The thing that enticed me to look at Roku 3 was its ability to stream sound so that you can have no sound from your TV and still hear sound through the ROKU 3 unit to headphones or earbuds, ideal for those who dont want to disturb others.
I have not seen either the Roku 1 or Roku 2 which I understand are still available. You will need to purchase an HDMI cable to connect the small 8x8x2.5cm box to a port on you TV. It comes with a small power brick – 1.5metre lead – that also connects to the Roku 3 box. Both these connections are on the rear of the box split by an Ethernet connector – you can also connect via Wi-Fi - below the HDMI connector is a Micro USB port.
On a recent visit to a UK preview of an American Consumer Electronics Show, I was introduced to a product designed to stream content from various sources. This product is Roku 3.
Offering to act as a media centre device, streaming content from different sources, is the designated aim of the Roku 3. This product is rather small, measuring just 27 x 80 x 80mm (H x W x D), and is predominately lacquered black in colour with a matte silver logo on the front face. Included in the box is an enhanced remote control, in-ear headphones set, 2 x AA batteries, AC power adapter and a slim Getting Started booklet.
Here something that I have not looked at recently a couple of MP3 players, both from Sony. The first is a water resistant offering mine was white. The second in more normal black a unit that claims a quick charge time of only three minutes.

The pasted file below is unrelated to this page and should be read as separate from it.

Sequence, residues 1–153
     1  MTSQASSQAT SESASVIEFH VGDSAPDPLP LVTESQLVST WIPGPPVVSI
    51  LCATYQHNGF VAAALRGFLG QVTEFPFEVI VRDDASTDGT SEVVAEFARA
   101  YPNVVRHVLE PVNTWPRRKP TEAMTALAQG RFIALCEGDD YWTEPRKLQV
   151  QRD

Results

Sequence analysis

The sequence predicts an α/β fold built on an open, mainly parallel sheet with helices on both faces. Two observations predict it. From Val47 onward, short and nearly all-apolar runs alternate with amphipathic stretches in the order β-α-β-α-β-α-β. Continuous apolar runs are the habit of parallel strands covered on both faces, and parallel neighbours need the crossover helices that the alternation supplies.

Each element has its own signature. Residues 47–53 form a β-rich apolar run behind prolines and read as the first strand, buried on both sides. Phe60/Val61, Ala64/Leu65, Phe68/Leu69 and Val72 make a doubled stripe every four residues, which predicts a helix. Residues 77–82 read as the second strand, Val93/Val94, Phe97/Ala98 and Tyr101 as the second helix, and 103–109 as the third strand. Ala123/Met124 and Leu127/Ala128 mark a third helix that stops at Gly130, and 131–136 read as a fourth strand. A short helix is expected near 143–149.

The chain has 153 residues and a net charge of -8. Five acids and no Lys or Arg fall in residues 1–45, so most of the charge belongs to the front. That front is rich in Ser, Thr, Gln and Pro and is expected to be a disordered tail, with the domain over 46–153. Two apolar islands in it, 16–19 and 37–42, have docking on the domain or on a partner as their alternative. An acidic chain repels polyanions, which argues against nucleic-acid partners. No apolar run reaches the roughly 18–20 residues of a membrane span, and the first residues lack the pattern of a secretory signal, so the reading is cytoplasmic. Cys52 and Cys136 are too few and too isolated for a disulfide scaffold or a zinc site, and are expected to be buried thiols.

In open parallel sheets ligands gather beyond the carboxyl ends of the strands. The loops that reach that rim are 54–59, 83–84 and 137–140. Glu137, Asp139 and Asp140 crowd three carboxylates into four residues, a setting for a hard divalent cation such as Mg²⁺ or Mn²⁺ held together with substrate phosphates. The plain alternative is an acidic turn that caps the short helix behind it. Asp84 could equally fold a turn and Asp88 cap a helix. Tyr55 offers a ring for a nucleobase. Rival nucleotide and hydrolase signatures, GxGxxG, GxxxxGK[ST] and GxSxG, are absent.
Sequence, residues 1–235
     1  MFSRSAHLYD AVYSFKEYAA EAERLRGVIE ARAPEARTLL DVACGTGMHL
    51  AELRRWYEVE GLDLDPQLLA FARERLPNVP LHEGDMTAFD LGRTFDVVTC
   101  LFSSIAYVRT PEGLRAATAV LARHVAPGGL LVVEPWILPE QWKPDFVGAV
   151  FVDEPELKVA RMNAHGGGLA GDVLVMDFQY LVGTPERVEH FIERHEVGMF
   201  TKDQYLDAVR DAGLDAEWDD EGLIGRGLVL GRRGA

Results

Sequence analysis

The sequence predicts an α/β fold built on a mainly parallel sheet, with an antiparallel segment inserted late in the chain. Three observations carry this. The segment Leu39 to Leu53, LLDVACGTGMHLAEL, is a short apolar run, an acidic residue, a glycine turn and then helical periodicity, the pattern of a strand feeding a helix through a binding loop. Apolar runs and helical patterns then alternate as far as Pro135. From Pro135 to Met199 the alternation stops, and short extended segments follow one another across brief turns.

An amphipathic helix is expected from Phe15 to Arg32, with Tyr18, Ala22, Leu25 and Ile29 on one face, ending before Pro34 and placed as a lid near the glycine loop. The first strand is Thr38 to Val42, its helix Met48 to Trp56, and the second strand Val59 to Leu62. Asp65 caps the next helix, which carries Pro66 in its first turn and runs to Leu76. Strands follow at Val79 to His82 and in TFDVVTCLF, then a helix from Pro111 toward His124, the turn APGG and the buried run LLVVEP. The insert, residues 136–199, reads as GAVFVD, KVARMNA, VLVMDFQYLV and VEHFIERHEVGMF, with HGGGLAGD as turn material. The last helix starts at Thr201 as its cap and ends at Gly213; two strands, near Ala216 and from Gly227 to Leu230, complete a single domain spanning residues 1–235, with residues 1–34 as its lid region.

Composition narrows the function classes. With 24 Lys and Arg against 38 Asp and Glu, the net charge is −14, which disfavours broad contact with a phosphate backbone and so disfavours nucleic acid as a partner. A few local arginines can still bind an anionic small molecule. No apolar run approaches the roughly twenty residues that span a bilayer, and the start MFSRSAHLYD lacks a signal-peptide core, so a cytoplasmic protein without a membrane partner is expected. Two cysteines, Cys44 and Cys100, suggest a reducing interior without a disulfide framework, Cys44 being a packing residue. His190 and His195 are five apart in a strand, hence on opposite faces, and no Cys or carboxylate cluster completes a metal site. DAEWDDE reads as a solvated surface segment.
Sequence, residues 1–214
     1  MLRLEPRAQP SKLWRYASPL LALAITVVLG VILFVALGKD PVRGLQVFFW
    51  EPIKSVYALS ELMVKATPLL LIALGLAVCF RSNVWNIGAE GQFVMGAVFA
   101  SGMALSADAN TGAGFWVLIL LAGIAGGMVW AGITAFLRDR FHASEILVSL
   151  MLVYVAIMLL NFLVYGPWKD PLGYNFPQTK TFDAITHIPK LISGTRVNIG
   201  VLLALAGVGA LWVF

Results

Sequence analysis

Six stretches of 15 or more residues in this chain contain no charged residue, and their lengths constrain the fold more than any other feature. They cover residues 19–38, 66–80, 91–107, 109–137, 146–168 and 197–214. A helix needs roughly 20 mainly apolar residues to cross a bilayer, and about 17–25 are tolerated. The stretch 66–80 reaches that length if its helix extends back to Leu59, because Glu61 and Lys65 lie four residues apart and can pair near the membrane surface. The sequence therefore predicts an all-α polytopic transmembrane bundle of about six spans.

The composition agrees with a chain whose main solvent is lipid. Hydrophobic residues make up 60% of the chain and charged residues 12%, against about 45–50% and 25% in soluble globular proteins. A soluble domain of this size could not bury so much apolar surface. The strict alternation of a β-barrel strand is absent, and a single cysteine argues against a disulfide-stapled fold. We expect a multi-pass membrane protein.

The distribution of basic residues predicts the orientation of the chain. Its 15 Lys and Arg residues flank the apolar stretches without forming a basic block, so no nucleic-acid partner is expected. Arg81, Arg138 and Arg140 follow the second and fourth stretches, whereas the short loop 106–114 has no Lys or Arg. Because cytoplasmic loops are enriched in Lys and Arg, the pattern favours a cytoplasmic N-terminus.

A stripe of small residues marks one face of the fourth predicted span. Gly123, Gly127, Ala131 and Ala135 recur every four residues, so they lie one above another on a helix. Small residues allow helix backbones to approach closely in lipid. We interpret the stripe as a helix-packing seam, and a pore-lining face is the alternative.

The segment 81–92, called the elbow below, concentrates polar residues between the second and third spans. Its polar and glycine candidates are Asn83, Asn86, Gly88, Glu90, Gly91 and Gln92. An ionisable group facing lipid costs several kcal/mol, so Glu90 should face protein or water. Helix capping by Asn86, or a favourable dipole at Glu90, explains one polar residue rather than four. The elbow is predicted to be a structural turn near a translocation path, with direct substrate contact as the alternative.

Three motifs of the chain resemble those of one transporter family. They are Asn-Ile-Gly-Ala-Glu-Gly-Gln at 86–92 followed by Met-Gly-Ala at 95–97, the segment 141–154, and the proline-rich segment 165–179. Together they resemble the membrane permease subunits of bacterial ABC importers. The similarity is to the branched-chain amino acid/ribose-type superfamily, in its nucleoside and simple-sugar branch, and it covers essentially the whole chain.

This is an all in one unit with the earbuds fixed into the player unit. With some earbuds you can choose to hang them directly from the ears of to take them round your neck, here there is no choice as the ‘C’ shaped band will only locate in the ear if you then go behind your neck. The stretched out length of the band connecting the two buds is 33cm but is will always return to two ‘O’ shapes.
The Boxee Box could be regarded as a hybrid product. D-Link, the source of this particular offering, has combined the free Boxee media software with its own hardware kit in order to offer the user a solution to the conundrum of creating a home-based media centre for their entertainment needs.
Recently I have been checking out the Boxee Box as part of my home network computer set up. The results were not always as positive as I would have liked as the Boxee Box proved to have a temperamental side to its make-up. Lets start with the actual kit before getting down to the performance.
A DAB/FM Radio is just two of the things that this unit does, the Wireless Internet ability will give much more than Internet Radio, Pure Lounge and Media Player ability, the touchscreen or infra red controls make this more like a computer.
The nearest shape I can call it is an egg, it is 17x28x18cm and weights just less than 2 kilos, it can run on a ChargePak (internal rechargeable battery pack) but I doubt that many will walk around with the Sensia 200D Connect. Unlike most DAB units the visible controls are not obvious and consist only of volume up and down, mute and on/off. Everything else is controlled from the large 11.5x9.5cm touchscreen which is full colour and easy to read.
Do you remember your first one? I am, of course, referring to your first portable media device such as an MP3 player.
I have just had a flashback – fortunately it was not painful but it did remind me of my first MP3 player. This was a device, whose antecedents I have forgotten, that I won as a prize in a charity raffle. Actually it was not the prize attached in my winning ticket – that was a signed Chelsea football shirt from the period when Dennis Wise played for the club and they had just won the FA Cup.
With so many people turning to iPods or MP3 those like me who have large CD collections need a way to condense the output and this offering allows an easy way to transpose to WAV, MP3, Flac or Ogg Vorbis with little effort from you.